Global communications ﬁrm Weber Shandwick partnered with KRC Research to conduct Digital Women Inﬂuencers, an online survey of 2,000 North American women. The purpose of the study was to gain insights into women's use of social media.
The survey finds a majority of North American women are using social media, and yet, a trend of note, a growing number of these users are disengaging.
The majority of North American women are on social media (86%), with 2.2 accounts on average.
Facebook is by far the most popular social media platform; 81% of respondents have a Facebook account.
North American women spend, on average, 12 hours a week engaged with social media.
Women who engage with social media are more influential brand advocates than women in general:
Source: Weber Shandwick, Digital Women Influencers survey, March 2013
Note: Red indicates respondents who engage with social media vs. total respondents (grey)
Nearly four in 10 North American women (38%) have decreased or stopped their usage of one or more social networks during the past six months. Top reasons:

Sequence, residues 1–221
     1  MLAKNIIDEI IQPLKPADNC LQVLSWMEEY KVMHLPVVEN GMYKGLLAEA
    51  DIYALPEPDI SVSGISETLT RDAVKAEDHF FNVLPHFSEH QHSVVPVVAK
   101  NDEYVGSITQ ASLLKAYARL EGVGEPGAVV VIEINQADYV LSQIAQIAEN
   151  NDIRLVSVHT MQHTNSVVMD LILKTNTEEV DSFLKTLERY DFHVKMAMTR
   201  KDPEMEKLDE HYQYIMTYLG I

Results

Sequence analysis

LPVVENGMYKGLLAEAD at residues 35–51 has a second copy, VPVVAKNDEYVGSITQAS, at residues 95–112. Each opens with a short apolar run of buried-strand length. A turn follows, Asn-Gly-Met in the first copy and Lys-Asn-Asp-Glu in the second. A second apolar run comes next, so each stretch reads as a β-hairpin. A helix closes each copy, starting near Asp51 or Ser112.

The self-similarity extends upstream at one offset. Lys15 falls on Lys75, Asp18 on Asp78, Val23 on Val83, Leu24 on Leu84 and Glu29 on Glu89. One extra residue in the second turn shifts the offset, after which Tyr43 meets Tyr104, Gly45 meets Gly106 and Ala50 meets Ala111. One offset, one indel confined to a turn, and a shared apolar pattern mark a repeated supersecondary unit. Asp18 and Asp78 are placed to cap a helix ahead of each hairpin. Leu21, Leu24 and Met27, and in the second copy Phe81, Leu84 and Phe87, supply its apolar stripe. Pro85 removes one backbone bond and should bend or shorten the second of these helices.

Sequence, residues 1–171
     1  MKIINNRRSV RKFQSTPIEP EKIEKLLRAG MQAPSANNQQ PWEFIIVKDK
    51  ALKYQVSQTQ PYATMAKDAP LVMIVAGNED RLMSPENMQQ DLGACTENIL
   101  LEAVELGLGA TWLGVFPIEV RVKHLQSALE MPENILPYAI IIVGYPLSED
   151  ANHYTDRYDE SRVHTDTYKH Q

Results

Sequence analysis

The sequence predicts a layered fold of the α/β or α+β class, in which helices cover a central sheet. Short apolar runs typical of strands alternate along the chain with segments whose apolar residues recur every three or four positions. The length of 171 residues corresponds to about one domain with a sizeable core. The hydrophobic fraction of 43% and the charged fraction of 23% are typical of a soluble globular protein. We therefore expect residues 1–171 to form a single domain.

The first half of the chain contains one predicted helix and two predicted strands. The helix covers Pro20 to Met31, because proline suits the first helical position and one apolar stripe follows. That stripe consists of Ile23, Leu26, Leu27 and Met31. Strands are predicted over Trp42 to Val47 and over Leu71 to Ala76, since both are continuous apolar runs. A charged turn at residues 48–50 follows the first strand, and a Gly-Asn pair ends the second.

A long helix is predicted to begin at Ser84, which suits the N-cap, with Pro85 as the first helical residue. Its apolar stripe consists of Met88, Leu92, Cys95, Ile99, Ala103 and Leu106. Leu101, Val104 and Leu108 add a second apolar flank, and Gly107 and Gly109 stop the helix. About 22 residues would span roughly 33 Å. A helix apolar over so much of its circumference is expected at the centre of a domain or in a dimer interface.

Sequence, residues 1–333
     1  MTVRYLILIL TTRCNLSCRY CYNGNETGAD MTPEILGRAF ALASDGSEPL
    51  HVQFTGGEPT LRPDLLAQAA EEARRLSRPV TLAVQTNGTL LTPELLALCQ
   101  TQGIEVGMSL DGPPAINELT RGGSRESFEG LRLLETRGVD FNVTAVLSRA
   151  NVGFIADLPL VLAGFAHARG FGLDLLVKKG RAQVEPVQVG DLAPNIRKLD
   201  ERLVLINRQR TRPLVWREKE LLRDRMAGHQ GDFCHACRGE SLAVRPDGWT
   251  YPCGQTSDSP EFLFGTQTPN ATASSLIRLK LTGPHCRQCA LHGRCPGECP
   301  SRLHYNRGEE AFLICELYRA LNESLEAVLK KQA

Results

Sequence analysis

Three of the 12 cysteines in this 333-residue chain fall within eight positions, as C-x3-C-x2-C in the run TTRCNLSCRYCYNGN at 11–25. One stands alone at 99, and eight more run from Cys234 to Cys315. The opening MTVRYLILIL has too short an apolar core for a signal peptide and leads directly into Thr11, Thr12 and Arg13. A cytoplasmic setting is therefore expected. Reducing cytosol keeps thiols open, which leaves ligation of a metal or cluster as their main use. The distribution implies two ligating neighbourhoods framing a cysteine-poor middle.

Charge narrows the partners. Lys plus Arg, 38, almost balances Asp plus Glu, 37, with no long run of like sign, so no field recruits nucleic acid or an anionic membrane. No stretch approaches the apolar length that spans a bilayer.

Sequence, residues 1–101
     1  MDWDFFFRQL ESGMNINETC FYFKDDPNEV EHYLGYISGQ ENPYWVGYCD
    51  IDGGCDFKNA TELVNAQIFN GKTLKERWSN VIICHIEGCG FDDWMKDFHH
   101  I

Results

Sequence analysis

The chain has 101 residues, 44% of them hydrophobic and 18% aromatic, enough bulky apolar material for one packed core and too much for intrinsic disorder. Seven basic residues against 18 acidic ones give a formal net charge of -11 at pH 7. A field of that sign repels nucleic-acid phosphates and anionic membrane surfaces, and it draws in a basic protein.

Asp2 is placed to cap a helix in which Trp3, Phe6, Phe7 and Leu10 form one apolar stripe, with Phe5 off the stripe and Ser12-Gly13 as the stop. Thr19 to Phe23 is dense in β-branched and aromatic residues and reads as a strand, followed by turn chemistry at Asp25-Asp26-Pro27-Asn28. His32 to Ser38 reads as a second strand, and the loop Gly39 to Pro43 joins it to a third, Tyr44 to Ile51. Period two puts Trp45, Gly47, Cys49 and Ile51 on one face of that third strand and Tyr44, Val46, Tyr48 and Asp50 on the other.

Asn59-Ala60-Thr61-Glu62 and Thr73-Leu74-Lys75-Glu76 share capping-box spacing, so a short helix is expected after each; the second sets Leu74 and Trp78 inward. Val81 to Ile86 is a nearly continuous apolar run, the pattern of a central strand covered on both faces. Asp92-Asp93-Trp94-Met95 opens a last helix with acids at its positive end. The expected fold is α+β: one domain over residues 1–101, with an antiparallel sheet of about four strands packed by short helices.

Just not interested/lost interest (59%)
No time/too busy (35%)
Social media “defectors” are younger than total North American women (22% vs. 14%, respectively, are 18-24 years old).
Says Weber Shandwick about women self-reporting disengaging from social media, “These women are probably experimenting with new platforms and therefore more prone to shifting their allegiances. However, this is a vital demographic for social brand initiatives and “chasing” these women from platform to platform could cost marketers dearly.”
About: The online research was conducted with KRC Research in August 2012 among 2,000 women, ages 18 and over, in the United States and Canada. The margin of error at the 95% level of confidence is ± 2.6 percentage points for Women of Social Media and ±2.25 percentage points for total women.
Source: Weber Shandwick, Weber Shandwick Profiles “The Women of Social Media," news release and infographic, March 4, 2013.
This article was originally published by Print in the Mix, a clearinghouse of research on the effectiveness of advertising media including print, mobile and other direct forms of marketing communication. Print in the Mix's mission is to advocate and educate for the value of print as a viable and effective ROI in the marketing strategy media mix. Print in the Mix is housed at Rochester Institute of Technology and published by the School of Media Sciences.
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